Houston Rockets Reportedly Decline Chandler Parsons' 4th-Year Option

Tyler ConwayFeatured ColumnistJune 3, 2014

USA Today

Updates from Saturday, June 28

Marc J. Spears of Yahoo Sports confirms initial reports that the Rockets will decline Parsons' option:

Original Text

With the Houston Rockets having a fourth-year option for Chandler Parsons that would pay him a paltry $964,750 for the 2014-15 season, most expected it'd be a no-brainer for them to bring him back at that price.

Think again.

Yahoo Sports' Adrian Wojnarowski is reporting the Rockets instead plan to decline Parsons' option and allow him to hit restricted free agency this summer. Wojnarowski cites sources close to the situation, and Houston has understandably not commented on the situation.

Jonathan Feigen of the Houston Chronicle provides more details and confirmation of the expected move:

In perhaps the clearest sign of the Rockets’ plans for free agency next month, the Rockets are likely to allow forward Chandler Parsons to become a restricted free agent in the hopes that they could sign a major free agent and then go over the salary cap to retain Parsons, a person with knowledge of their thinking said on Tuesday.


The Rockets have until June 30—the day before NBA free agency begins—to formally decide on the option. There is no incentive for either side to push for a formal announcement either way, given the NBA's onerous tampering bylaws.

Parsons, 25, averaged 16.6 points, 5.5 rebounds and 4.0 assists during the 2013-14 season, his third in the NBA.

The No. 38 overall pick in the 2011 draft, Parsons has emerged as one of the league's best values—thanks in large part to his team-friendly contract. Houston signed Parsons to a four-year, $3.63 million contract after the draft, a healthy portion of which was nonguaranteed. Because he was not waived by Jan. 1, the Rockets will have to pay $624,771 of Parsons' $964,750 regardless of their decision.

But the savings of hundreds of thousands of dollars has little to do with why the Rockets would decline a cheap option on a very good young player. Their decision comes largely down to two factors: flexibility and leverage.

DENVER, CO - APRIL 9: Chandler Parsons #25 of the Houston Rockets shoots against the Denver Nuggets on April 9, 2014 at the Pepsi Center in Denver, Colorado. NOTE TO USER: User expressly acknowledges and agrees that, by downloading and/or using this Photo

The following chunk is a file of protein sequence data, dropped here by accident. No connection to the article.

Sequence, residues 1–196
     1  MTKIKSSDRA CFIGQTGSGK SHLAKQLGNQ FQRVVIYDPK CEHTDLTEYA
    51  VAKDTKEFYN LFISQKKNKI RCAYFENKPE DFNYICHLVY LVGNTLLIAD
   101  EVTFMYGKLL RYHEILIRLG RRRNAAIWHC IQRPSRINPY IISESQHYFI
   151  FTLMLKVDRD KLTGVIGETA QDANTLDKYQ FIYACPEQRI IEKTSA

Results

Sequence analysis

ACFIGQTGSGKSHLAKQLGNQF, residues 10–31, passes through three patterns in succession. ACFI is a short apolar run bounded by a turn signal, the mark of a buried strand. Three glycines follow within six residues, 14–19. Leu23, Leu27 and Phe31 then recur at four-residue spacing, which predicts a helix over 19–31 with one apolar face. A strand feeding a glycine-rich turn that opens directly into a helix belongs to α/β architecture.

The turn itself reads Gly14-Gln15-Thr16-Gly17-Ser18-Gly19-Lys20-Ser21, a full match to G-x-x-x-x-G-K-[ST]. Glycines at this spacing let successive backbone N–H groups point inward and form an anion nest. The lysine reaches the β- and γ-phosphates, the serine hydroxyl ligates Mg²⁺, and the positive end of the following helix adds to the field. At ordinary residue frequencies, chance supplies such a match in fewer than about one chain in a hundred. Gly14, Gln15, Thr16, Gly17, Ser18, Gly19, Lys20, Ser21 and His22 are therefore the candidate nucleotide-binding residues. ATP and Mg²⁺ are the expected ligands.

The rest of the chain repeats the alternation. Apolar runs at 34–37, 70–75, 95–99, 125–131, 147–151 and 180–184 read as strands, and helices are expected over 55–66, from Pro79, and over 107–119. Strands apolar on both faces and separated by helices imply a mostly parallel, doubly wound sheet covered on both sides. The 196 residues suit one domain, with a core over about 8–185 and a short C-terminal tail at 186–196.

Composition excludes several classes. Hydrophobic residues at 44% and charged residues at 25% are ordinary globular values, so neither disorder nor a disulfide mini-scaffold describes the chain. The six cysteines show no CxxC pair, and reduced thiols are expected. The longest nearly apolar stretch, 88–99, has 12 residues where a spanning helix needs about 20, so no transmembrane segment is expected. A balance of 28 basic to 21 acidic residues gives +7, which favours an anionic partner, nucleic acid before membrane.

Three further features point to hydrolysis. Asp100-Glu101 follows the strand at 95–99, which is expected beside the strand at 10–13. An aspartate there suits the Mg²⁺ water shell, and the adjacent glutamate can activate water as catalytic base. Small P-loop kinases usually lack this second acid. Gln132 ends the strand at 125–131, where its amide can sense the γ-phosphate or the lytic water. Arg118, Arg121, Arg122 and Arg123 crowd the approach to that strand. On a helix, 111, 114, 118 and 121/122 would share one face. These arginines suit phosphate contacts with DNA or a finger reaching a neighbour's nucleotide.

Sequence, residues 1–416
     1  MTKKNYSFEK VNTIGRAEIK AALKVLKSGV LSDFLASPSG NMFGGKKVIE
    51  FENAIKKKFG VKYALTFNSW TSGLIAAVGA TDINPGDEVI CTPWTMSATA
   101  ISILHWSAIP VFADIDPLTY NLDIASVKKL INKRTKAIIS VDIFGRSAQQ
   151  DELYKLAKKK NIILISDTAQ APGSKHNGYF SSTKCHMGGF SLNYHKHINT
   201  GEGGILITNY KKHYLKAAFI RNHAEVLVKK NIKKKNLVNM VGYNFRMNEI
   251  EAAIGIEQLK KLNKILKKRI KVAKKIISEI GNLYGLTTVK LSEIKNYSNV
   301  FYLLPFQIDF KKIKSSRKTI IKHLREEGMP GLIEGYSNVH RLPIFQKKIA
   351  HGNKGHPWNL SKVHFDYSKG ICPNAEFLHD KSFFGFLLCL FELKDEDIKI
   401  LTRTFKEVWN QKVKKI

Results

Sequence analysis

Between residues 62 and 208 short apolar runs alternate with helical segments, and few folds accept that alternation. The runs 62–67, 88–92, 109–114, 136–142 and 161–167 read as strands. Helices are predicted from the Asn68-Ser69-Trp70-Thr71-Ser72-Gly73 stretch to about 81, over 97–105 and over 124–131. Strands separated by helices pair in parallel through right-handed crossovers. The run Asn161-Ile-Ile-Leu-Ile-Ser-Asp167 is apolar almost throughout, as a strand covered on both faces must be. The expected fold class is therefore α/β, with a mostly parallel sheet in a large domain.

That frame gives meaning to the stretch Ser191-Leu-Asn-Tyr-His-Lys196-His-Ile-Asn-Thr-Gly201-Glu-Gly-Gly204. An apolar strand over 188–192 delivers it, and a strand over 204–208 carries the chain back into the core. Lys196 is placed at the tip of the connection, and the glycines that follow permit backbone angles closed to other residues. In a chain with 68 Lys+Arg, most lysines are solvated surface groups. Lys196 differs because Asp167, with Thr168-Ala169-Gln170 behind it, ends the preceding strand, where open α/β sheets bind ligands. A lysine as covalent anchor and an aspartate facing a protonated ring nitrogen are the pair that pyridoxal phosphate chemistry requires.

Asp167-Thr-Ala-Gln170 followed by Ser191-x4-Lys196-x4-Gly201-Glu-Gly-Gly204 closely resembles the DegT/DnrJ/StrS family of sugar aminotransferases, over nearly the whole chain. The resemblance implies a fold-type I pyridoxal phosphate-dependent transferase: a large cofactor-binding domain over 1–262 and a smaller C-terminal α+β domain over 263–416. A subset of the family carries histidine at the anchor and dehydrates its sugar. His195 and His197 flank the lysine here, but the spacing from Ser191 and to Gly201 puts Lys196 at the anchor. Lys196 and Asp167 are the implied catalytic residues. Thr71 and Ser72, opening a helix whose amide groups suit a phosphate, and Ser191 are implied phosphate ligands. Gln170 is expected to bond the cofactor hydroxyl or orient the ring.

Garrett Ellwood/Getty Images

By allowing Parsons to hit the open market this summer, the Rockets are 100 percent in control of his destination. Potential suitors will have the chance to send him an offer sheet, which Houston can then match with zero implications. Had Parsons played out next season under his current contract, he would have been an unrestricted free agent in the summer of 2015. The Rockets then would have risked losing him without compensation.

“It doesn’t matter to me,” Parsons told reporters last month, when asked about his preference between restricted and unrestricted free agency. “The biggest thing for me is to win. When you win, you get whatever you want. We had a chance to do that this year and didn’t do it. Restricted, unrestricted, it doesn’t really matter to me. I just want to be in a good situation. I want to be on a winning team."

Should Parsons find that team elsewhere, at the very least general manager Daryl Morey could swing a sign-and-trade with a Parsons suitor—a quid pro quo for not matching the offer sheet. The Pelicans did this last summer by engineering a three-way deal to acquire Tyreke Evans.

Morey very likely has a longer-term game in mind.

Adding Parsons to the free-agent field might make him an attractive sign-and-trade piece in a potential deal for a third superstar. Morey has not been shy about his desire to add another star-level player to go with Dwight Howard and James Harden

While Parsons is a very good young player, he's not at that level as an asset. Having Harden and Parsons on the floor together makes defensive cogency a difficult task, given both players' struggles on that end. Harden's defense was so bad at points during the regular season it became an Internet meme. Parsons is not quite as bad, but Houston's defensive foibles can mostly be attributed to its leaky perimeter.

Wojnarowski reported last month that the Rockets are planning an "aggressive play" for disgruntled Timberwolves forward Kevin Love. The All-Star big man does not fit the defensive need, but he certainly fits the superstar moniker. Declining Parsons' option might be the beginning of that aggression. Minnesota trading Love for one year of Parsons (and other assets) is far-fetched; doing so with the assurance of a Parsons sign-and-trade may be more amenable.

The Rockets also have the option of using financial finagling to bring back Parsons and another high-profile piece. Trading Omer Asik and Jeremy Lin—and their $15 million balloon payments for next season—would give them near max-level room. If Houston agrees to terms with a big-time free agent first and then matches a Parsons offer sheet, a best-of-both-worlds scenario emerges.

Or this could just be a power play.

The Rockets by all accounts like Parsons. He's a unique offensive talent, a smart passer who spreads the floor beautifully and won't turn 26 until October. Restricted free agency inherently limits a player's market because teams are afraid of holding out three days while the incumbent team decides. Morey might be looking to snag Parsons long-term on a below-market contract while fishing for his third star elsewhere.

Either way, this is an interesting decision that again makes the Rockets a team to watch this summer.